The opinion of the court was delivered by: CHARLES KOCORAS, District Judge
This matter comes before the court on the motion of Plaintiff,
Eunice Flood ("Flood") special administrator of the estate of
Maurice Flood, for a settlement conference. For the reasons set
forth below, Flood's motion is denied.
After several weeks of negotiation and a court-supervised
settlement conference, a settlement agreement was reached between
Flood and Defendant Owens-Illinois, Inc. ("Owens") on June 30,
2004. Both parties agreed to the details of the settlement
agreement, whereby Owens would generate a stream of biannual
payments to Flood over a five-year period. The payment schedule
was to take effect on September 1. Flood requested that Owens prepare the settlement paperwork,
including the settlement agreement and release. Owens, in turn,
prepared the paperwork and sent it to Flood's counsel, Robert
Queeney, via messenger. Owens alleges that the paperwork was sent
tandem with a request that Queeney inform Owens if any changes or
modifications were necessary. Owens claims that several weeks
passed with no response to this request from Queeney and that
numerous phone messages left by Owens requesting Queeney's
response also went ignored.
Owens asserts that on September 30, still having heard no
response from Queeney regarding the settlement agreement, Owens
sent Queeney another copy of the agreement and release. As the
date for the first payment had passed, without any response from
Queeney, Owens included a new payment schedule.
On October 11, Queeney sent a faxed copy of the original July
30 agreement that was purportedly signed by Flood but not
notarized and asked that the first payment be made within ten
days. On October 13, Owens indicated to Queeney apprehension
regarding the non-notarized signature page and informed him that,
while Owens was willing to cooperate with the payment schedule,
no payment could be made without a notarized settlement
agreement. Owens alleges that on October 20, Queeney indicated
via voice mail that he would have his client sign the agreement
the next day. According to Owens, Flood has yet to provide a notarized
settlement agreement and release.
Flood brings the present motion pursuant to Fed.R. Civ. P.
16(a), requesting that this court hold a second settlement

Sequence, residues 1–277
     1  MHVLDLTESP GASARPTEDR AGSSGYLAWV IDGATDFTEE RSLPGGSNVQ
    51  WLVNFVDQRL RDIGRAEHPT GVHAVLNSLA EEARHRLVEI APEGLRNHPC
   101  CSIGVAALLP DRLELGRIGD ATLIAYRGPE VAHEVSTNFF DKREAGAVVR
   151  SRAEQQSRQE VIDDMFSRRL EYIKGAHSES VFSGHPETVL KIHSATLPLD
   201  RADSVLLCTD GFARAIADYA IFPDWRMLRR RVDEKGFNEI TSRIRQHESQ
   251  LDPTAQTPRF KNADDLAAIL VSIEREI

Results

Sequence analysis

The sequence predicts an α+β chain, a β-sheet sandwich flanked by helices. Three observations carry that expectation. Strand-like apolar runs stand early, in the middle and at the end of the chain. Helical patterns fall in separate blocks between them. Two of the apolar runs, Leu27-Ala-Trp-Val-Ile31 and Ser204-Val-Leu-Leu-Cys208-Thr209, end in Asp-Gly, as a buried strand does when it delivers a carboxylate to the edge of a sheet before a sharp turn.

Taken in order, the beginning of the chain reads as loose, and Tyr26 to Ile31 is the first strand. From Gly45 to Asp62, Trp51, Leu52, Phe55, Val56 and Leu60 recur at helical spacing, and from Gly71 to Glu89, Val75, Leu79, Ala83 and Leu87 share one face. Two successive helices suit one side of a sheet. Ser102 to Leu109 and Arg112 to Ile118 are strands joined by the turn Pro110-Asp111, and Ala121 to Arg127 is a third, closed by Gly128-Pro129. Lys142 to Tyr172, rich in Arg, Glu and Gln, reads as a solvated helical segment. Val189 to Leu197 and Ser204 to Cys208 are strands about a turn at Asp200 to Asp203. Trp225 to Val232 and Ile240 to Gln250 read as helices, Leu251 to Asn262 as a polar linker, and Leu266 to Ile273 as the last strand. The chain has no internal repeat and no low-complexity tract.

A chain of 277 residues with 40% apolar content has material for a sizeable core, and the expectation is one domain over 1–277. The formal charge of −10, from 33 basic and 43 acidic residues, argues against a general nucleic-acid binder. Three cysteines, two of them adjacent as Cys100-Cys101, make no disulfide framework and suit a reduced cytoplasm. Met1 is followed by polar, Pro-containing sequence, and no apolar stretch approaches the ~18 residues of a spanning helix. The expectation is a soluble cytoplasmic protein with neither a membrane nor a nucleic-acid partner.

conference. Flood requests the settlement conference in the hopes
of adding "security" (without denoting what the security would
be) to Owens' promise to pay that is contained within the
settlement agreement and release. Flood expresses apprehension
regarding Owens' ability to pay and seeks the added security in
order to ensure full payment in the event that Owens files for
bankruptcy. Flood's only argument for this request is that
additional security is appropriate under the circumstances, in
that Owens is one of the few viable manufacturers in this case
that has not sought bankruptcy protection. This argument is
Flood claims that a settlement conference is appropriate under
the circumstances, yet given the facts presently before the
court, the circumstances indicate that a settlement conference is
not necessary. To express apprehension regarding a corporate
defendant's solvency merely because it has not filed for
bankruptcy protection, while other corporate defendants in the
case have, is counter-intuitive. Flood concedes that she had
previously accepted the terms of the settlement and that those
terms are accurately and completely set forth in the written agreement
tendered by Owens. Flood's request for additional security
ignores the fact that Owens has not made any indication
whatsoever that it could not or would not comply with the terms
of the agreement.
Based upon the record, it appears that Owens has been making
all reasonable attempts to comply with the settlement to which
the parties agreed. There is nothing unreasonable about Owens'
preferring to wait for the releasing party's notarized signature
before proceeding in accordance with the settlement agreement.
Further, Owens has been the catalyst behind finalizing the
settlement, drafting the agreement, and following up with
Queeney. Therefore, this court need not intervene, via a second
settlement conference, in the settlement between the parties.
Based on the foregoing analysis, Flood's motion is denied.
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